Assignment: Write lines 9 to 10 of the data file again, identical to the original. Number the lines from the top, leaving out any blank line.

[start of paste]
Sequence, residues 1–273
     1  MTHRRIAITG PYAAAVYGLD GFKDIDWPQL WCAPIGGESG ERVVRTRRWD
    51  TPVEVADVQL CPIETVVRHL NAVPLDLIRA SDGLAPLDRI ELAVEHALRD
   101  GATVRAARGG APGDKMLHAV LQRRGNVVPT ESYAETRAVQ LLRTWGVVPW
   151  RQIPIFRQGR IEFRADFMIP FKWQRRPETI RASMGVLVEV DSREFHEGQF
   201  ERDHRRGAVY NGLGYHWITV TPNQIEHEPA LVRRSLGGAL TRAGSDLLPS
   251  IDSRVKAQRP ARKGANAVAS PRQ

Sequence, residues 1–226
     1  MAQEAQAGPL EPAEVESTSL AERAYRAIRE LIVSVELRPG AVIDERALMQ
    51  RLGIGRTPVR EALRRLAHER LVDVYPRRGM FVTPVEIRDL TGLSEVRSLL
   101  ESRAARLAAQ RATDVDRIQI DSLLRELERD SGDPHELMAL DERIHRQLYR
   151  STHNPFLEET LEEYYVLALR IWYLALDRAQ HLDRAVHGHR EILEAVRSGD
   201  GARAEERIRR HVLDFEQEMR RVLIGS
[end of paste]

     1  MAQEAQAGPL EPAEVESTSL AERAYRAIRE LIVSVELRPG AVIDERALMQ
    51  RLGIGRTPVR EALRRLAHER LVDVYPRRGM FVTPVEIRDL TGLSEVRSLL